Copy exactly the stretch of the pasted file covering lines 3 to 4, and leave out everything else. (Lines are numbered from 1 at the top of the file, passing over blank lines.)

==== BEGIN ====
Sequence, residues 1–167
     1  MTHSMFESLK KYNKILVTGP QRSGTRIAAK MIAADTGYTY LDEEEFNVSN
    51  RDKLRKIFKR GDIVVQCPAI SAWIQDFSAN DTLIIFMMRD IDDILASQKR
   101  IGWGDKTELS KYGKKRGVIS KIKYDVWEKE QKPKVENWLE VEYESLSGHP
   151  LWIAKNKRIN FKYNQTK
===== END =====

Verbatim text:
    51  RDKLRKIFKR GDIVVQCPAI SAWIQDFSAN DTLIIFMMRD IDDILASQKR
   101  IGWGDKTELS KYGKKRGVIS KIKYDVWEKE QKPKVENWLE VEYESLSGHP